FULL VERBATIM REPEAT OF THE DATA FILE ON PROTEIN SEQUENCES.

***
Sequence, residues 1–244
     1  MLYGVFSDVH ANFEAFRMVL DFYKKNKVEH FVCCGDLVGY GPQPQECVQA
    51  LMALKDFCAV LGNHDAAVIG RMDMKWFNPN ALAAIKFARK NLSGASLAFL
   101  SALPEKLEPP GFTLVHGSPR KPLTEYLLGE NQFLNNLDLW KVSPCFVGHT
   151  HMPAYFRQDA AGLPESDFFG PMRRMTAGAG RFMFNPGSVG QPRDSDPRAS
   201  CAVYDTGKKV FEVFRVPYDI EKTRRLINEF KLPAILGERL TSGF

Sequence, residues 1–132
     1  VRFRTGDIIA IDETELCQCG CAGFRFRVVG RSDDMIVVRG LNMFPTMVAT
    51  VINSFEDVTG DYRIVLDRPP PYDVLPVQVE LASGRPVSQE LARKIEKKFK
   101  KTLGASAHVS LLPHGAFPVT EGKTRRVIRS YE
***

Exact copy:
Sequence, residues 1–244
     1  MLYGVFSDVH ANFEAFRMVL DFYKKNKVEH FVCCGDLVGY GPQPQECVQA
    51  LMALKDFCAV LGNHDAAVIG RMDMKWFNPN ALAAIKFARK NLSGASLAFL
   101  SALPEKLEPP GFTLVHGSPR KPLTEYLLGE NQFLNNLDLW KVSPCFVGHT
   151  HMPAYFRQDA AGLPESDFFG PMRRMTAGAG RFMFNPGSVG QPRDSDPRAS
   201  CAVYDTGKKV FEVFRVPYDI EKTRRLINEF KLPAILGERL TSGF

Sequence, residues 1–132
     1  VRFRTGDIIA IDETELCQCG CAGFRFRVVG RSDDMIVVRG LNMFPTMVAT
    51  VINSFEDVTG DYRIVLDRPP PYDVLPVQVE LASGRPVSQE LARKIEKKFK
   101  KTLGASAHVS LLPHGAFPVT EGKTRRVIRS YE